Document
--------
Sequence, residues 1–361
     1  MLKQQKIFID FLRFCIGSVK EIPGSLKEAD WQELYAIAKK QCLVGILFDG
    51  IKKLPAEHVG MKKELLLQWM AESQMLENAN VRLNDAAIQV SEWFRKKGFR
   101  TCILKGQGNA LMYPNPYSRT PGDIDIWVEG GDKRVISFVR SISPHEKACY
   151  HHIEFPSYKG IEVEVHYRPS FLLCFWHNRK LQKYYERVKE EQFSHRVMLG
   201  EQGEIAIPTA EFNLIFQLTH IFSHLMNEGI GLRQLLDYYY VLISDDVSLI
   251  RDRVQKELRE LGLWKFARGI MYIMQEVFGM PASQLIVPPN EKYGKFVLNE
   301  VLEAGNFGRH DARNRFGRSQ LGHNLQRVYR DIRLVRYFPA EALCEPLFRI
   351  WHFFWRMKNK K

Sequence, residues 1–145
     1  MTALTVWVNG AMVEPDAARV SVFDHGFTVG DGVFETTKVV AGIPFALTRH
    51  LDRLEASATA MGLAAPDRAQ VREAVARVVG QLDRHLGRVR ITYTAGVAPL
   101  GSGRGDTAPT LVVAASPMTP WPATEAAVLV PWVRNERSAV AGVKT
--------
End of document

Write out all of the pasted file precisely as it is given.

Sequence, residues 1–361
     1  MLKQQKIFID FLRFCIGSVK EIPGSLKEAD WQELYAIAKK QCLVGILFDG
    51  IKKLPAEHVG MKKELLLQWM AESQMLENAN VRLNDAAIQV SEWFRKKGFR
   101  TCILKGQGNA LMYPNPYSRT PGDIDIWVEG GDKRVISFVR SISPHEKACY
   151  HHIEFPSYKG IEVEVHYRPS FLLCFWHNRK LQKYYERVKE EQFSHRVMLG
   201  EQGEIAIPTA EFNLIFQLTH IFSHLMNEGI GLRQLLDYYY VLISDDVSLI
   251  RDRVQKELRE LGLWKFARGI MYIMQEVFGM PASQLIVPPN EKYGKFVLNE
   301  VLEAGNFGRH DARNRFGRSQ LGHNLQRVYR DIRLVRYFPA EALCEPLFRI
   351  WHFFWRMKNK K

Sequence, residues 1–145
     1  MTALTVWVNG AMVEPDAARV SVFDHGFTVG DGVFETTKVV AGIPFALTRH
    51  LDRLEASATA MGLAAPDRAQ VREAVARVVG QLDRHLGRVR ITYTAGVAPL
   101  GSGRGDTAPT LVVAASPMTP WPATEAAVLV PWVRNERSAV AGVKT